Di Giorgio E, Franforte E, Cefalu S, Rossi S, Dei Tos AP, Brenca M, Polano M, Maestro R, Paluvai H, Picco R, Brancolini C (2017) The co-existence of transcriptional activator and transcriptional repressor MEF2 complexes influences tumor aggressiveness. PLoS Genet 13(4):e1006752.  https://doi.org/10.1371/journal.pgen.1006752 CrossRefPubMedPubMedCentralGoogle Scholar
  59. 59.
    Mahendrarajah N, Paulus R, Kramer OH (2016) Histone deacetylase inhibitors induce proteolysis of activated CDC42-associated kinase-1 in leukemic cells. J Cancer Res Clin Oncol 142(11):2263–2273.  https://doi.org/10.1007/s00432-016-2229-x CrossRefPubMedGoogle Scholar
  60. 60.
    Li RF, Cao SS, Fang WJ, Song Y, Luo XT, Wang HY, Wang JG (2017) Roles of HDAC2 and HDAC8 in cardiac remodeling in renovascular hypertensive rats and the effects of valproic acid sodium. Pharmacology 99(1–2):27–39.  https://doi.org/10.1159/000449467 CrossRefPubMedGoogle Scholar
  61. 61.
    Yu L, Yang G, Weng X, Liang P, Li L, Li J, Fan Z, Tian W, Wu X, Xu H, Fang M, Ji Y, Li Y, Chen Q, Xu Y (2015) Histone methyltransferase SET1 mediates angiotensin II-induced endothelin-1 transcription and cardiac hypertrophy in mice. Arterioscler Thromb Vasc Biol 35(5):1207–1217.  https://doi.org/10.1161/ATVBAHA.115.305230 CrossRefPubMedGoogle Scholar
  62. 62.
    Barreiro E, Tajbakhsh S (2017) Epigenetic regulation of muscle development. J Muscle Res Cell Motil 38:31–35.  https://doi.org/10.1007/s10974-017-9469-5 CrossRefPubMedGoogle Scholar
  63. 63.
    Zhang M, Liu H, Gao Y, Zhu Z, Chen Z, Zheng P, Xue L, Li J, Teng M, Niu L (2016) Structural insights into the association of Hif1 with histones H2A-H2B dimer and H3-H4 tetramer. Structure 24(10):1810–1820.  https://doi.org/10.1016/j.str.2016.08.001 CrossRefPubMedGoogle Scholar
  64. 64.
    Wu Z, Connolly J, Biggar KK (2017) Beyond histones: the expanding roles of protein lysine methylation. FEBS J 284:2732–2744.  https://doi.org/10.1111/febs.14056 CrossRefPubMedGoogle Scholar
  65. 65.
    Harr JC, Gonzalez-Sandoval A, Gasser SM (2016) Histones and histone modifications in perinuclear chromatin anchoring: from yeast to man. EMBO Rep 17(2):139–155.  https://doi.org/10.15252/embr.201541809 CrossRefPubMedPubMedCentralGoogle Scholar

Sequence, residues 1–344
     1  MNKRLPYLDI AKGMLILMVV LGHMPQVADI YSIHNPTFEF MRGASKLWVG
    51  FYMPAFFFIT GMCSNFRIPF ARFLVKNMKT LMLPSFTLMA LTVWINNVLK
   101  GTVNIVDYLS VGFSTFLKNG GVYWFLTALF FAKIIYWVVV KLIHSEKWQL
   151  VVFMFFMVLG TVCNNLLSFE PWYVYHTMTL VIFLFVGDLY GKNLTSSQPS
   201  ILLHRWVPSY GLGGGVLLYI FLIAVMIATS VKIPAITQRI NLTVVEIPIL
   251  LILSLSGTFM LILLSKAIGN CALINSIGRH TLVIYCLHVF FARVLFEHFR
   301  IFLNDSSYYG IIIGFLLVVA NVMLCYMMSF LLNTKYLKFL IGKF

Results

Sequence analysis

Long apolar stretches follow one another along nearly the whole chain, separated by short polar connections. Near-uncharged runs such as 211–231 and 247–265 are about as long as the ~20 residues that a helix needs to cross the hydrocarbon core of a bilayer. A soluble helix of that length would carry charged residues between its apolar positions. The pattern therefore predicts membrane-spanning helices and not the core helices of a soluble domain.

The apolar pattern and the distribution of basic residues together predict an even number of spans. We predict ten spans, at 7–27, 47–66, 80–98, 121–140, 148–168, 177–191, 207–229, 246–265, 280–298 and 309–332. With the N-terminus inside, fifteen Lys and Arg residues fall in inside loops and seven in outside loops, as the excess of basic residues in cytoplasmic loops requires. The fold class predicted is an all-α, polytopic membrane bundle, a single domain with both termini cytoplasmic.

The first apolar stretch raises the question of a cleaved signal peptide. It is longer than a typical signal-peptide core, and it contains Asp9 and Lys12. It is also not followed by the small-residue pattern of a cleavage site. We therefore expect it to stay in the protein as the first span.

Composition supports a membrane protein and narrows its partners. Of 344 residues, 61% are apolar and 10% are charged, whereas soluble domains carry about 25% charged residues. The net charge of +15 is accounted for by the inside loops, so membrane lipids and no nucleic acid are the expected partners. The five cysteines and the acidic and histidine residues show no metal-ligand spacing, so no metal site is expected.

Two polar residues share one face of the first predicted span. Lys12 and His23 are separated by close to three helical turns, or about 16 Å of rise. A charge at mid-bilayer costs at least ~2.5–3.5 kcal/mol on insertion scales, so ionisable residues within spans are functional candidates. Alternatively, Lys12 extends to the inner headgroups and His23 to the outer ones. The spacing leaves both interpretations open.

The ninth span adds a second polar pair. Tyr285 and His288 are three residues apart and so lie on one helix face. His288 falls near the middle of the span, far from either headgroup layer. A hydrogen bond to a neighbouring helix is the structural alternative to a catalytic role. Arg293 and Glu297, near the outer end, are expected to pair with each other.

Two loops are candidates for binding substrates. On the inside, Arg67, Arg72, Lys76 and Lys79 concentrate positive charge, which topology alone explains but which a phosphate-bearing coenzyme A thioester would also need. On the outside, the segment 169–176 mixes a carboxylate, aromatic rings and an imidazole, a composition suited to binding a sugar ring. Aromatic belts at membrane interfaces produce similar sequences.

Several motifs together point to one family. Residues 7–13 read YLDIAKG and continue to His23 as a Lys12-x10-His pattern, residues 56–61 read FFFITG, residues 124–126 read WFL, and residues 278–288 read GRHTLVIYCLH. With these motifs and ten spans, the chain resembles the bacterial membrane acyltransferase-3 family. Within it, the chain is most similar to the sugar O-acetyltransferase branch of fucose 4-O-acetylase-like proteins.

66. 66.
    Kim H, Ramirez CN, Su ZY, Kong AN (2016) Epigenetic modifications of triterpenoid ursolic acid in activating Nrf2 and blocking cellular transformation of mouse epidermal cells. J Nutr Biochem 33:54–62.  https://doi.org/10.1016/j.jnutbio.2015.09.014 CrossRefPubMedGoogle Scholar
  67. 67.
    Ahmadi M, Gharibi T, Dolati S, Rostamzadeh D, Aslani S, Baradaran B, Younesi V, Yousefi M (2017) Epigenetic modifications and epigenetic based medication implementations of autoimmune diseases. Biomed Pharmacother 87:596–608.  https://doi.org/10.1016/j.biopha.2016.12.072 CrossRefPubMedGoogle Scholar
  68. 68.
    Luo T, Chen B, Wang X (2015) 4-PBA prevents pressure overload-induced myocardial hypertrophy and interstitial fibrosis by attenuating endoplasmic reticulum stress. Chem Biol Interact 242:99–106.  https://doi.org/10.1016/j.cbi.2015.09.025 CrossRefPubMedPubMedCentralGoogle Scholar
  69. 69.
    Pinkerneil M, Hoffmann MJ, Schulz WA, Niegisch G (2017) HDACs and HDAC inhibitors in urothelial carcinoma—perspectives for an antineoplastic treatment. Curr Med Chem (in press)Google Scholar
  70. 70.
    Schuetze KB, Stratton MS, Blakeslee WW, Wempe MF, Wagner FF, Holson EB, Kuo YM, Andrews AJ, Gilbert TM, Hooker JM, McKinsey TA (2017) Overlapping and divergent actions of structurally distinct histone deacetylase inhibitors in cardiac fibroblasts. J Pharmacol Exp Ther 361(1):140–150.  https://doi.org/10.1124/jpet.116.237701 CrossRefPubMedPubMedCentralGoogle Scholar
  71. 71.
    Wang WW, Han JH, Wang L, Bao TH (2017) Scutellarin may alleviate cognitive deficits in a mouse model of hypoxia by promoting proliferation and neuronal differentiation of neural stem cells. Iran J Basic Med Sci 20(3):272–279.  https://doi.org/10.22038/IJBMS.2017.8355 PubMedPubMedCentralGoogle Scholar
  72. 72.
    Tao H, Yang JJ, Shi KH, Li J (2016) Epigenetic factors MeCP2 and HDAC6 control alpha-tubulin acetylation in cardiac fibroblast proliferation and fibrosis. Inflamm Res 65(5):415–426.  https://doi.org/10.1007/s00011-016-0925-2 CrossRefPubMedGoogle Scholar
  73. 73.
    Chen Y, Du J, Zhao YT, Zhang L, Lv G, Zhuang S, Qin G, Zhao TC (2015) Histone deacetylase (HDAC) inhibition improves myocardial function and prevents cardiac remodeling in diabetic mice. Cardiovasc Diabetol 14:99.  https://doi.org/10.1186/s12933-015-0262-8 CrossRefPubMedPubMedCentralGoogle Scholar
  74. 74.